A construction business owner has spoken out about the difficulties of hiring EU workers post-Brexit, as he sees more and more familiar faces heading back to Europe.
Sebastian Przetakowski, 41, who has worked in the industry in the UK for almost two decades, said he is currently fully booked up until next year, but has to turn down work because he can no longer find bricklayers and carpenters.
Przetakowski, who used to hire around 50 people, said that although a few were from Romania and the Czech Republic, most came from Poland, where people are always “trying to do their best” because of national hardships.
Although he did not feel welcome in many places since the EU referendum, Przetakowski told The Guardian he stayed – but his brother, who was the business’s carpenter, did not want to live in Britain anymore, as was the case with many of his friends and employees. This meant he found it harder to fill vacancies in his business, and since the Covid pandemic, even more EU workers returned to the continent.
He increased salaries to prevent his reduced staff from leaving the UK, but this has not been enough to honour all the bookings awaiting for him. Despite government claims that Brexit means higher wages for British people, Przetakowski discovered there aren’t enough British workers wanting to do the work either.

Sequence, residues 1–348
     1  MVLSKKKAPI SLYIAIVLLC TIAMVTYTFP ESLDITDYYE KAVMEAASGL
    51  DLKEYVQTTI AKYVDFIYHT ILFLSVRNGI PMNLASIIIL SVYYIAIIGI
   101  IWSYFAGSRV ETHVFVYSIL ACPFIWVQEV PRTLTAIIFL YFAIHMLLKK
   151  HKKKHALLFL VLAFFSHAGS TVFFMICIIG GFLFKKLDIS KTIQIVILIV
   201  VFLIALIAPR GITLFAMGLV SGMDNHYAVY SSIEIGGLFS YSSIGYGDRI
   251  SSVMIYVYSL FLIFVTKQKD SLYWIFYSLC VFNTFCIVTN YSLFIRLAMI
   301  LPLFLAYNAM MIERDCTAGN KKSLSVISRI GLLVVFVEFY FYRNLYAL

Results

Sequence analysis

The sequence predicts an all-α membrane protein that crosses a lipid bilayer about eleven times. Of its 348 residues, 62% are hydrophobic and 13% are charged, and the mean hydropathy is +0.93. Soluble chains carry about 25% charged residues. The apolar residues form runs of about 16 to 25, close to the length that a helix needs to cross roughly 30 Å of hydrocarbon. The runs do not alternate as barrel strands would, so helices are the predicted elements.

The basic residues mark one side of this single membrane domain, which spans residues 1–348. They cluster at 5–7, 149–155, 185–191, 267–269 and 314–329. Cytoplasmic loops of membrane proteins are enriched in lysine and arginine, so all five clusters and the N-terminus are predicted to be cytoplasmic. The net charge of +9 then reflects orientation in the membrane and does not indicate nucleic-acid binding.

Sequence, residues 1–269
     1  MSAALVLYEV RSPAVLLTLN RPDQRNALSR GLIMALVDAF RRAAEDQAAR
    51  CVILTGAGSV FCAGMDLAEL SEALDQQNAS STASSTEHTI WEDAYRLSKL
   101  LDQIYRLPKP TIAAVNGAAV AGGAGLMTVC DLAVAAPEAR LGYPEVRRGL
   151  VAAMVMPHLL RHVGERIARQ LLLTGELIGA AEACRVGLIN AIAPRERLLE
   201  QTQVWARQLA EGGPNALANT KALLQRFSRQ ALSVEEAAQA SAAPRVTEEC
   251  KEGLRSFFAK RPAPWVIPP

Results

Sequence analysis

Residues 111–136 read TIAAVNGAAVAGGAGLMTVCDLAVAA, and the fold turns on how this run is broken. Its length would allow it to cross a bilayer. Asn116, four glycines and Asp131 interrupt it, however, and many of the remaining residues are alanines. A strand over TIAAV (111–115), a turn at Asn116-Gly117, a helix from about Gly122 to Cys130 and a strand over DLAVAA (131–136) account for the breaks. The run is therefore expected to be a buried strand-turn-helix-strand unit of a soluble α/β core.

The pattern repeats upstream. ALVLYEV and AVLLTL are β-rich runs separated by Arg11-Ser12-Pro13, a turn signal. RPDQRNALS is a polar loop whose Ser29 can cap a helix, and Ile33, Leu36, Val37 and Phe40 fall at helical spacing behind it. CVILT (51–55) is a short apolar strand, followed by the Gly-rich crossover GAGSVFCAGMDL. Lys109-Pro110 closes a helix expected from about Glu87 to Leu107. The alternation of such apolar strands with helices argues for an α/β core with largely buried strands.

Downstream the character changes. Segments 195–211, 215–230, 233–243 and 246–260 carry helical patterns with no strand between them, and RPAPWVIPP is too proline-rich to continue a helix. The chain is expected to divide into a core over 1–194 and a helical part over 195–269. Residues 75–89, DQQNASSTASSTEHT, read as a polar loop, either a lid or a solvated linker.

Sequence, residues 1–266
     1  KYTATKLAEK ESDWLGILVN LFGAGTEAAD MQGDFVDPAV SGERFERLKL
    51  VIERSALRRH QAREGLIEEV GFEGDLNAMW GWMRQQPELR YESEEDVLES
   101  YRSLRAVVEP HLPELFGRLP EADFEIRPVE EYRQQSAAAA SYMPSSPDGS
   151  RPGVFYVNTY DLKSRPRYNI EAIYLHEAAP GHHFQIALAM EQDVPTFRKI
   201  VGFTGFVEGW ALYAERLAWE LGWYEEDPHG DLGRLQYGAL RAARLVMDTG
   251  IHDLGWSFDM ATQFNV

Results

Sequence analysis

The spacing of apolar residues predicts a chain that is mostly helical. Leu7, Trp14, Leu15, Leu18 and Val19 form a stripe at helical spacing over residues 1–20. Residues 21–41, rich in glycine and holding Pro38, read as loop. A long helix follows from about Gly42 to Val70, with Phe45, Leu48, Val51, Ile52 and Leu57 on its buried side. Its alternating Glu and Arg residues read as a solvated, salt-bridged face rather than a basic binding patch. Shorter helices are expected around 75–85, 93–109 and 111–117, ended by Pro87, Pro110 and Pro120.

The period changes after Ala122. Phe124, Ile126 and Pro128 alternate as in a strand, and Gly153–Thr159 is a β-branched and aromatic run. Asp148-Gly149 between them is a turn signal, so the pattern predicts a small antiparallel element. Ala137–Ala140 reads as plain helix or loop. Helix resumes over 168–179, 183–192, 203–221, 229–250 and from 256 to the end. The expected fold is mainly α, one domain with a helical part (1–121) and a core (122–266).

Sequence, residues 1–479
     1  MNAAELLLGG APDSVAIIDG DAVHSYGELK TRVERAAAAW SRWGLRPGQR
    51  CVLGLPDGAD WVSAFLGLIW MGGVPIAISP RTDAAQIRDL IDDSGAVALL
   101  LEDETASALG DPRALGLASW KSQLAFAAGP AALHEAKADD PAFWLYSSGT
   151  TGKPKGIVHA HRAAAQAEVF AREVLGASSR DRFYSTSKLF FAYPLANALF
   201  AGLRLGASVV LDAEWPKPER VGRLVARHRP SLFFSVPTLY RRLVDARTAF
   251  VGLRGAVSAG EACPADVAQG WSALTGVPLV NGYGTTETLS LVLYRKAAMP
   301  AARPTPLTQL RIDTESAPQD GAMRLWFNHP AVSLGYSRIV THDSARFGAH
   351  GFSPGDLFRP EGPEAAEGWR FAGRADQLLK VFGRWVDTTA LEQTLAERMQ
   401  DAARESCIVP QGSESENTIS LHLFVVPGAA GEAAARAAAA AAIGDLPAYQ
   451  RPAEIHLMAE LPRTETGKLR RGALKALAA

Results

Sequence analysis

He can no longer call relatives to come to Britain and give a helping hand because of post-Brexit immigration red tape, but believes EU workers are an urgent need of UK’s construction industry and is calling for the government to step in.
The Polish business owner also asked Boris Johnson to make the industry “more fashionable” among young people.
He told the newspaper: “Young people are not getting into construction any more, it’s not fashionable. The decline needs to be reversed.
“Also we have to get young people, including young women, to start thinking about working in construction and that it can help the environment as well.
“We can build flats with solar panels, with access to electric car charging – maybe this will make the industry more fashionable.”
‘Happier in Europe’
Meanwhile, his carpenter brother decided to work in Germany after working in Poland upon his return from the UK – and found he is happier there.
“Germany is closer to Poland, he can drive there and back to see his family every two weeks. And it’s in the EU.
“He’s much happier there than he was here,” Przetakowski concluded.
His views were echoed by a Romanian lorry driver, who told TLE in August why he was thinking of following in the footsteps of his colleagues and moving back to Romania to work across Europe.
Viorel Alexandru Onu said his previous work conditions were better than the ones he has had in the UK – and suggested he would have more free time and better living standards on the continent.